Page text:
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CULTURAL CHANGE ON THE ROADMAP FOR MANUFACTURING GROWTH

28-11-2016
by 
in 

Australian manufacturing will need to undergo substantial cultural change in order to realise sustainable growth, according to the CSIRO in its Advanced Manufacturing Roadmap published today.

The 82-page report, which was compiled in collaboration with industry, government departments and researchers, highlights major growth opportunities for Australian manufacturing and proposes strategies that manufacturers need to adopt to exploit them.

In examining the comparative advantages and disadvantages faced by Australian manufacturers, the report highlights that the majority of Australian manufacturers are finding it difficult to escape a survival mentality. The resulting risk-averse culture is manifest as companies focus on the short term in order to ensure they will exist in the long term.

Recognising that Australia will never compete on labour costs, and highlighting that we are the least cost competitive of the world’s leading export economies, the roadmap goes on to propose the technologies and strategies that can be applied to obtain growth in manufacturing over the short, medium and long terms.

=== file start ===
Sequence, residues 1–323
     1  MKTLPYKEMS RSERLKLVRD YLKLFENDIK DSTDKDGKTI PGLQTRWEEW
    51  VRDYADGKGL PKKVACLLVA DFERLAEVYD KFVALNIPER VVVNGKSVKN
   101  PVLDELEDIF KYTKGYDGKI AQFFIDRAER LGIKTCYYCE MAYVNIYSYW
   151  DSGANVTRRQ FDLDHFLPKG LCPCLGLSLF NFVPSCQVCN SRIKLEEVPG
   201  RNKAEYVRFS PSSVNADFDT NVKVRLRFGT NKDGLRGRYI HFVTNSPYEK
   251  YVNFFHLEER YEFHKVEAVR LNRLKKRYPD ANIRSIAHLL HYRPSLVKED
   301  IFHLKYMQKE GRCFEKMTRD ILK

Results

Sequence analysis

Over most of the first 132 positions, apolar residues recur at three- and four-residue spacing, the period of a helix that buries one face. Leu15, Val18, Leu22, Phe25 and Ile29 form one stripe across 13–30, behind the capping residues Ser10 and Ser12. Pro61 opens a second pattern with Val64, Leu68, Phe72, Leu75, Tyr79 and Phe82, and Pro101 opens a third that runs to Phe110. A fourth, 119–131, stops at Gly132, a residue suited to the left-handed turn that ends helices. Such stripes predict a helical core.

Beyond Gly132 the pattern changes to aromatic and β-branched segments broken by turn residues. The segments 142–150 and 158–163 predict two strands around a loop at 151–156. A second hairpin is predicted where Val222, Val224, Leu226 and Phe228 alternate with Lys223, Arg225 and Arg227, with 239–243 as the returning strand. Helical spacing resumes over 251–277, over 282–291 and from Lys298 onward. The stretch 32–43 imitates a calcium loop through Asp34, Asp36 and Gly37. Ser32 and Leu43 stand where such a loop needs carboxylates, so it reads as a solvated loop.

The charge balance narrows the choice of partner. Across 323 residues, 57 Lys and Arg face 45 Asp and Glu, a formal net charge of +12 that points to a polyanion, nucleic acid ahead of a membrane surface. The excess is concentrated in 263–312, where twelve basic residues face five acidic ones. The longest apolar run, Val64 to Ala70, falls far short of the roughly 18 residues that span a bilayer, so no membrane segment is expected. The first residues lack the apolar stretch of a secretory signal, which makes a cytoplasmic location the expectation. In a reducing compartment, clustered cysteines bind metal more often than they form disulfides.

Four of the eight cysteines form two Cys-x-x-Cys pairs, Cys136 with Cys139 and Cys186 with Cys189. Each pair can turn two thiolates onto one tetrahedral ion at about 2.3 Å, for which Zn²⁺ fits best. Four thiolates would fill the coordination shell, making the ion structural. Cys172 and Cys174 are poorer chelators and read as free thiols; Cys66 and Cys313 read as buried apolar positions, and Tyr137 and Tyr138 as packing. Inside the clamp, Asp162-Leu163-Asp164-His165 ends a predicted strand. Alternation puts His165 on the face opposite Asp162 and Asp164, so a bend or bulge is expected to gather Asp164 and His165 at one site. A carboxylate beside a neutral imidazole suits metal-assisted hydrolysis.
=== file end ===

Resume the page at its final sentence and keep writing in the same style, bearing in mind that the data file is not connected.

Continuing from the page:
The roadmap is all encompassing, and details changes necessary in industry, research and education. For example, it is certainly not the first such document to recognise the benefits of shifting educational priorities further towards science, technology, engineering and mathematics (STEM). However, it highlights the remarkable statistic that shifting just 1% of Australia’s workforce into STEM roles, GDP could increase by more than $57 billion.

According to CSIRO Manufacturing Director Dr Keith McLean implementing the roadmap will require significant technological innovation by public and private research communities.

“The industrial landscape is changing fast. We need to start evolving with it,” says Dr McLean. “Australian manufacturing has a strong, high-tech future. The research sector needs to focus on areas like sensors, data analytics, advanced materials, robotics, automation, 3D printing and augmented - or virtual - reality. Australian manufacturers must transform their businesses by investing in new knowledge, skills and practices.”

CSIRO
www.csiro.au

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